# Maximal Char Requests in a String

I have been trying to deal with this problem set, and I have figured out how to solve it as well. But there is one problem that is Timeout error for some hidden cases, but no wrong answers

PROBLEM STATEMENT

In this challenge, a string and a list of intervals are given. The string consists of English letters only and it can contain both lowercase and uppercase letters.

For two different letters, we say that the first letter is greater than the second letter when the first letter comes later in the alphabet than the second letter ignoring the case of the letters. For example, the letter 'Z' and 't' are greater than the letters 'b' and 'G', while the letters 'B' andd 'b' are equal as case is not considered.

The task is the following. For each given interval, you need to find the count of the greatest letter occurring in the string in that interval, ignoring the case of the letters, so occurrences of, for example, a and A are occurrences of the same letter.

Consider, for example, for the string "AbaBacD". In the interval, [0, 4], the greatest letter is 'b' with count 2.

Input Format

The first line contains integer N, denoting the length of the input string.

The second line contains string S.

The third line contains an integer Q, denoting the number of intervals. Each line of the Q subsequent lines contains two space-separated integers xi and yi, denoting the beginning and the end of ith interval.

Output Format

For each interval, print the count of the greatest letter occurring in the string in that interval.

My Algorithm

1. To lowercase the string
2. Loop through the queries array
3. Get the string from start interval to end interval
4. Find greatest char in the string
5. Count the occurrence, and add it to the array
6. Return the array


My Code

def getMaxCharCount(s, queries):
# queries is a n x 2 array where queries[i][0] and queries[i][1] represents x[i] and y[i] for the ith query.
maxCount = []
finalWord = s.lower()
for interval in queries:
if interval[0] == interval[1]:
maxCount.append(1)
else:
string = finalWord[interval[0]:interval[1]+1]
maxCount.append(string.count(max(string)))
return maxCount


Any help would be appreciated

• Where is this problem published? Apr 25 '20 at 14:27

# PEP 8

The Style Guide for Python Code’s naming conventions recommends again mixedCase identifiers. CapWords are for classes and types, snake_case is for functions, methods and variables. Thus, getMaxCharCount, maxCount and finalWord should be renamed to get_max_char_count, max_count and final_word.

# string

string is an importable module in Python. Its use as an identifier should be discouraged.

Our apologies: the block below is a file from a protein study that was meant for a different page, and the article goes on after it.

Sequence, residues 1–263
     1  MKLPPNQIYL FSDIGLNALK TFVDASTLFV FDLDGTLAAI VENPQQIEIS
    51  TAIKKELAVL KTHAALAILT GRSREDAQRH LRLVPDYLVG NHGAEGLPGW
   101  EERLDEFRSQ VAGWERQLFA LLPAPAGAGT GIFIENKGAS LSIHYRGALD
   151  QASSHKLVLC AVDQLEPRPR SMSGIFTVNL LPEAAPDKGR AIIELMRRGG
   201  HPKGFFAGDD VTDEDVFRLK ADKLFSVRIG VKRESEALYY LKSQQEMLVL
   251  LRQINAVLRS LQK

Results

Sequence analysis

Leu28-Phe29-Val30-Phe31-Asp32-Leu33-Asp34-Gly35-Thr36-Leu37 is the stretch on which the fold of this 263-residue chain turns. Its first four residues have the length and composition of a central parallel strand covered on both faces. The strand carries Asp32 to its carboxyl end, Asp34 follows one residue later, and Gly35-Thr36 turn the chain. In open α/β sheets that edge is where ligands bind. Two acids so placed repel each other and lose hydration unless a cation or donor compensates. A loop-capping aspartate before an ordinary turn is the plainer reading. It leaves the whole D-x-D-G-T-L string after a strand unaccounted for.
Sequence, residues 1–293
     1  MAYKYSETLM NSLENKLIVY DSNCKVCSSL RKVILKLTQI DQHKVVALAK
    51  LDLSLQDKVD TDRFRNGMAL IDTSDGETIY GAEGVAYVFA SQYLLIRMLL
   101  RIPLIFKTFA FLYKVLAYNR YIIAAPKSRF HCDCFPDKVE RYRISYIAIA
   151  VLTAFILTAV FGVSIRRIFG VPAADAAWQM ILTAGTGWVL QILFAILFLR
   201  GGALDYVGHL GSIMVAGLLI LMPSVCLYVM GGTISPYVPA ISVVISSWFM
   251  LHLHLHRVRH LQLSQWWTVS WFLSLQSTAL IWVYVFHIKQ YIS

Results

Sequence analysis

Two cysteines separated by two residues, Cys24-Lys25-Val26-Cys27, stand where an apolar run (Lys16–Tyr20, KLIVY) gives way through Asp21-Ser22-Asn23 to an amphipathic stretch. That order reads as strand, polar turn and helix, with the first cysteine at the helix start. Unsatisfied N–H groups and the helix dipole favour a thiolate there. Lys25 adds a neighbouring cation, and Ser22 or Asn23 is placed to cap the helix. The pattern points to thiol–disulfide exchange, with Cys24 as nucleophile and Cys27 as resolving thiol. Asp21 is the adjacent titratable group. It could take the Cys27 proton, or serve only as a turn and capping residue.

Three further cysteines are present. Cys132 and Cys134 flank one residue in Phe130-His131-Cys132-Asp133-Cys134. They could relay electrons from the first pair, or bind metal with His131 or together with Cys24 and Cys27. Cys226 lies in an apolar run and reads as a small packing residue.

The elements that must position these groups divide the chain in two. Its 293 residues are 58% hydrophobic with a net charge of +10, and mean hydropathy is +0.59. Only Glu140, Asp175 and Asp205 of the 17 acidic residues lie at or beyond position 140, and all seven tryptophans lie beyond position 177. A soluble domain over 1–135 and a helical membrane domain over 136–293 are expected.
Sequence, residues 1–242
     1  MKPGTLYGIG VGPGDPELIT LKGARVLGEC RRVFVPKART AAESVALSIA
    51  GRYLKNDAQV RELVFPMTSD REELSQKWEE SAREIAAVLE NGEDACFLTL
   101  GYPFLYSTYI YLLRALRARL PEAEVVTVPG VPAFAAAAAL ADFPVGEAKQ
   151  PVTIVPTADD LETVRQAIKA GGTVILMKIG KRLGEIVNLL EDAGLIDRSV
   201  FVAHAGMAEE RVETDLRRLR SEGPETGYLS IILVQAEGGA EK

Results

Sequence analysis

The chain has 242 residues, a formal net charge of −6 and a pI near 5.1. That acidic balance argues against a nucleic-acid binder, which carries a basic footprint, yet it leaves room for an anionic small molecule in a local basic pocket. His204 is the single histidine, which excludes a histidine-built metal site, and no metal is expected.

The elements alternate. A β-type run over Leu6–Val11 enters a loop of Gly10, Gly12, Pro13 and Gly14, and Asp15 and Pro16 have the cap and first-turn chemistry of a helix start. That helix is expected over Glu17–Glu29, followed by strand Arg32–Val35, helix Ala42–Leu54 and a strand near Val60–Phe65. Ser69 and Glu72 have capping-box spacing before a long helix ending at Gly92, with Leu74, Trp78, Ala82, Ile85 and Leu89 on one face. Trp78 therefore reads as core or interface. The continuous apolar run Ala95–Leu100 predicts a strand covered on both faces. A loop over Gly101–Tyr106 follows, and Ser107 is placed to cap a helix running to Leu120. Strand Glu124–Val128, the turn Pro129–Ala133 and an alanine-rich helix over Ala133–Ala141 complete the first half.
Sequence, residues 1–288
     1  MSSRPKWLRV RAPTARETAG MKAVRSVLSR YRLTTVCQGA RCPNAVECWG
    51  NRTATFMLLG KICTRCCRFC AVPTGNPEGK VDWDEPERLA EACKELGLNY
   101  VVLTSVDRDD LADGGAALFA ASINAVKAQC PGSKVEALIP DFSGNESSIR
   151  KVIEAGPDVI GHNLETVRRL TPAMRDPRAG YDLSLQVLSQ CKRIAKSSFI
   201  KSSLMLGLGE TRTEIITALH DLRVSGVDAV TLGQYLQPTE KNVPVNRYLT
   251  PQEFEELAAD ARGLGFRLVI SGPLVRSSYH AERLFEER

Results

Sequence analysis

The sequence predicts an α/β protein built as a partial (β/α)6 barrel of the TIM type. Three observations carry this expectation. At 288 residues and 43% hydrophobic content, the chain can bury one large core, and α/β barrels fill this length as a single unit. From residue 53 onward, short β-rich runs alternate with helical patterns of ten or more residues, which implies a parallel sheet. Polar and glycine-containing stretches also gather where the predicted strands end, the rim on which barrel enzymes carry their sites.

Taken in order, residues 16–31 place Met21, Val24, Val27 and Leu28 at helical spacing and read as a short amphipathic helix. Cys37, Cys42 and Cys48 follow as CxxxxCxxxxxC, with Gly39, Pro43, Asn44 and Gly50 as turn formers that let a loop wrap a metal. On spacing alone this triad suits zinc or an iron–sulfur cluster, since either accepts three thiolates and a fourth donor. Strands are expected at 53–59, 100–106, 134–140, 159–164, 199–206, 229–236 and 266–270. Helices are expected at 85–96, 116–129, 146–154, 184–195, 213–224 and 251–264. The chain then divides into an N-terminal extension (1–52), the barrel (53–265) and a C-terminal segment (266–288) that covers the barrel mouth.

# Intervals

interval is a perfectly fine variable, but interval[0] and interval[1] are confusing. Are those the zeroth and first intervals in a list of intervals? It would be better to unpack the interval immediately into the starting and ending values of the interval. This can even be done directly by the for statement:

    for start, end in queries:
if start == end:
...


# Special Casing

You have special-cased the length 1 interval. Why? Does the general purpose version of the code not work for the length one interval? Is it too slow? Is the special-case a common occurrence, or does checking for it actually slow down the general purpose case be introducing an unnecessary if statement?

# List Comprehension

    max_count = []
for start, end in queries:
max_count.append(...)


This pattern is usually re-written using list-comprehension, since it is much faster than repeated calls to .append():

    max_count = [ ... for start, end in queries ]


The only issue is what should be used in place of .... Prior to Python 3.7, there was no easy way to refer to the result of a computation multiple times in one expression. Python 3.8 introduces the “walrus operator” (:=) which allows variables to be assigned inside of other expressions. We can use this to avoid referencing and slicing final_word twice:

    max_count = [ (span := final_word[start:end+1]).count(max(span)) for start, end in queries ]


# Reworked Code (Python 3.8)

def get_max_char_count(s, queries):
final_word = s.lower()
return [(span := final_word[start:end+1]).count(max(span)) for start, end in queries]


This code may be slightly faster than your original code, with the speed up mostly from replacing .append with list comprehension. To really see significant speed gains, you need to improve the algorithm.

# Algorithmic Improvement

Since this is a coding challenge, I won’t give you code for the better algorithm, but I will get you started in the right direction.

How many times are you looking at any given character of final_word?

Consider the following test case:

2000
AAAAAAAAAAA...[2000 A’s] ... AAAAAAAAAAAA
2000
0 1999
0 1999
0 1999
:      :
[2000 duplicate lines]
:      :
0 1999
0 1999


The result should be a list of 2000 copies of the number 2000. We did this in our head. Your algorithm will test each character 4000 times; 2000 times during max and another 2000 times during count. Clearly, we’ve got room for improvement. The ideal would be if each character was only tested twice, once during max, and once during count. But how can we achieve this?

Consider another test case:

20
AAAABBBBCCCCBBBBCCCC
3
0 11
4 15
8 19

Can you see any way of computing intermediate results and reusing them?

Can you divide this into 5 subproblems? Can you combine the first 3 subproblems together to get the first answer? 4 A’s, 4 B’s and 4 C’s makes 4 C’s. Subproblems 2 to 4 to get the second answer? 4 B’s, 4 C’s and 4 B’s makes 4 C’s. Subproblems 3 to 5 to get the 3rd answer? 4 C’s, 4 B’s and 4 C’s makes 8 C’s. How would you store the subproblems results? Where did we get the boundaries of the subproblems?